It's no secret that I love to read. And I'm finding myself getting lost in books more as a result of the continued quarantine, winter, and a little social isolation of my own making (I'm working on it). I started this book on Friday evening and finished it by mid-day on Sunday. At times, I found myself propping up my Kindle so I could read while I unloaded the dishwasher, made the bed, did laundry, etc.
When I wasn't reading, I was thinking about the story, the characters, the themes, and how the author created something so relatable and so tragic at the same time. It's particularly relatable if you are a straight female, white, middle to upper class, and went to college in the early 2010's. The main characters were in college 2010-2014 (I think) and I was in college 2008-2012 so the references (Facebook as the main form of lurking, Pretty Lights type concerts, the rise of hot/competitive yoga classes) were spot-on for me. There was also a wedding set in 2017 and, having gotten married myself in 2017, the references to the wedding hashtag (do people even do that anymore?! I got married at the height of wedding hashtags.) and personalized everything (your names plus your wedding date on champagne flutes, cocktail napkins, the menu, the place cards, etc. Because what if people forget who is getting married and what day it is?! The horror.) were a blast from the [recent but seemingly oh so long ago] past.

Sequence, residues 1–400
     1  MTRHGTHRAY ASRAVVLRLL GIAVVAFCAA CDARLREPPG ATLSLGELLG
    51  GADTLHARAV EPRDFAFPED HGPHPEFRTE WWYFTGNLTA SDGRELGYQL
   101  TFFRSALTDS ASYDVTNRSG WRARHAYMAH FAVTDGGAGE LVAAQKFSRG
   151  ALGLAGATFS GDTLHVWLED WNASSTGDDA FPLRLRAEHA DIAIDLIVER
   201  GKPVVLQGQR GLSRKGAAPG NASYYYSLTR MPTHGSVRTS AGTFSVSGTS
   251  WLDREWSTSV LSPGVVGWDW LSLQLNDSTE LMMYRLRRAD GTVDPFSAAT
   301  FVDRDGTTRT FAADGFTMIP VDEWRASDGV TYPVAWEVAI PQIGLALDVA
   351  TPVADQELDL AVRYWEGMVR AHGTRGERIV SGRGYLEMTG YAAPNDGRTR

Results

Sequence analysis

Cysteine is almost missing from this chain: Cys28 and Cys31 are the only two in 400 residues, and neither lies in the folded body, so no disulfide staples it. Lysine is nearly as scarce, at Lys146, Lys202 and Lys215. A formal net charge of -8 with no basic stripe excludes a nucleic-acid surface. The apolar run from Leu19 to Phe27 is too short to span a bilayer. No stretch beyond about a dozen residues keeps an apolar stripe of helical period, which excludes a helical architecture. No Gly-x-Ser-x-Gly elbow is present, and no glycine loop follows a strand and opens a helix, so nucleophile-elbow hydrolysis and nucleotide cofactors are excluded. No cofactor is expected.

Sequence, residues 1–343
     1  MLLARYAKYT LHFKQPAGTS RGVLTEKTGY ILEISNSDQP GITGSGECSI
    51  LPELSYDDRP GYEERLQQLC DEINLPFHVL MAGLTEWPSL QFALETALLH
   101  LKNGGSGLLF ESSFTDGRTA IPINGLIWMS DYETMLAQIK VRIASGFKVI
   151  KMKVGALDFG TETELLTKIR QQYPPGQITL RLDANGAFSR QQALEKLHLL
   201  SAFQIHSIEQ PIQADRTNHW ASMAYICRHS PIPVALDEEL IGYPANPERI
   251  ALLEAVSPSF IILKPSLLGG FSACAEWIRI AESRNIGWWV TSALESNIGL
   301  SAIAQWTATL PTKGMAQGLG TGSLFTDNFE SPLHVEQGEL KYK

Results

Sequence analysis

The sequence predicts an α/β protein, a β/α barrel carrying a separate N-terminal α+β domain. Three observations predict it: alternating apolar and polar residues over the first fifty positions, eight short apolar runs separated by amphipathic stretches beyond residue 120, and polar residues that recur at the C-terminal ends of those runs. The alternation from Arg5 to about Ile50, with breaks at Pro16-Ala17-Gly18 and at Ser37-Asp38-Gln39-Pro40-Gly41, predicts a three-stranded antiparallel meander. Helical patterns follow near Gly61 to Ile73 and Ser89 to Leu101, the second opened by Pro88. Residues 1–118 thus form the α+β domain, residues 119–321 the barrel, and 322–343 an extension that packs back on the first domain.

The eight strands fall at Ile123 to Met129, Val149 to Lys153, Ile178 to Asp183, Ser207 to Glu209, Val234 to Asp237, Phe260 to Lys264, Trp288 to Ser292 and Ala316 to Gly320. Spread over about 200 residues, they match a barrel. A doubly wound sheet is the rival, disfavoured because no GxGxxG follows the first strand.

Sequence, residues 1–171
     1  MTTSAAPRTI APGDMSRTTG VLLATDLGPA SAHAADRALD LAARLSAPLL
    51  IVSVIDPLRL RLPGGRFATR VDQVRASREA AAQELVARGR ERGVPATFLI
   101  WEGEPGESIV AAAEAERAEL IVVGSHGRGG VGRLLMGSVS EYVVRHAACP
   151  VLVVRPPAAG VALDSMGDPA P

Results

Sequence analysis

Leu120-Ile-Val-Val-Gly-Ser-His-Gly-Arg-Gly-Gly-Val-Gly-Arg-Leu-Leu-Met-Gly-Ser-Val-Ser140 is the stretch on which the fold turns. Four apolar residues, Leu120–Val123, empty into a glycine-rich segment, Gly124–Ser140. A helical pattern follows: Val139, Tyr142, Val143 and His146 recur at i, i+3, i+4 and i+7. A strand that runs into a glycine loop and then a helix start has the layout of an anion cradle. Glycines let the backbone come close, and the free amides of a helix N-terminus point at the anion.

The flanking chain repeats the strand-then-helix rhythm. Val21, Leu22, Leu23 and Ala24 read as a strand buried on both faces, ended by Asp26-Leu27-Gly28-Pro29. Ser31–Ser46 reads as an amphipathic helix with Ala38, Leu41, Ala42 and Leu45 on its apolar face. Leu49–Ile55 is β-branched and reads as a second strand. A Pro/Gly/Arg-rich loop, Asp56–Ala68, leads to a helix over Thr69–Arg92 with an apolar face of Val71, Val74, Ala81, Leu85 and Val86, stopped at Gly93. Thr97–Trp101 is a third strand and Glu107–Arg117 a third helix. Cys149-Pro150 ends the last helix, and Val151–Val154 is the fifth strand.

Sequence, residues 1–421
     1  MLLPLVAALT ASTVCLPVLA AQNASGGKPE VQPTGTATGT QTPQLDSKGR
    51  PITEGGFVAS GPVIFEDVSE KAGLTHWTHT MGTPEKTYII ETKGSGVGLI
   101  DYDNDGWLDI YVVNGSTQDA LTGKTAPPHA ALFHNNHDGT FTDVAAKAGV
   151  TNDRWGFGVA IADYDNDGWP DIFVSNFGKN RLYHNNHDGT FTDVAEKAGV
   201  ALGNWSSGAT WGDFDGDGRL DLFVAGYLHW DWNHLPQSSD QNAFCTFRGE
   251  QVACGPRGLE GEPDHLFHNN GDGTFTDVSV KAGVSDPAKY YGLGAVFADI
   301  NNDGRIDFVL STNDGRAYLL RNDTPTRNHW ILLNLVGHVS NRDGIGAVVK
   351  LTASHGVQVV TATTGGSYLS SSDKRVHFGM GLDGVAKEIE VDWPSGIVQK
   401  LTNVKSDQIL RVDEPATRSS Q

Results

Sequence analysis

When I finished it yesterday, I had to sit in silence for a few minutes to absorb and process it all before rejoining my life. [This is purposefully dramatic but Pat was watching Tropic Thunder and I really had no desire to watch that so I did just sit in silence thinking about the book for a few minutes after I finished it.]
The book is Tell Me Lies by Carola Lovering. It came out in 2018 (the author actually has her next book coming out TODAY, I joined my library's waitlist immediately) but I just heard about it on the Bad on Paper podcast. Two trigger warnings plus an asterisk here: the book contains graphic details of eating disorder tendencies and a toxic relationship with someone displaying both narcissistic and sociopathic qualities (lying, cheating, gaslighting, among other horrible things. This guy is the worst). Those are the trigger warnings. The asterisk is, as someone who could be triggered by both of those things, I experienced the opposite effect. My empathy towards Lucy (the main character) was incredibly strong and I found myself feeling more compassionate towards her eating disorder and responses to Stephen's behavior than anything. And then turning those feelings back towards myself and viewing myself with more grace and understanding than usual.
But a heads up because the book can be tough to get through at times - I found my heart racing, my stomach feeling ill, and my brain cycling through old rumination at different points. I know those don't sound like *good* reactions but this book is so, so good and I loved it. And I want to talk about it with everyone so please let me know if you read it and what you think!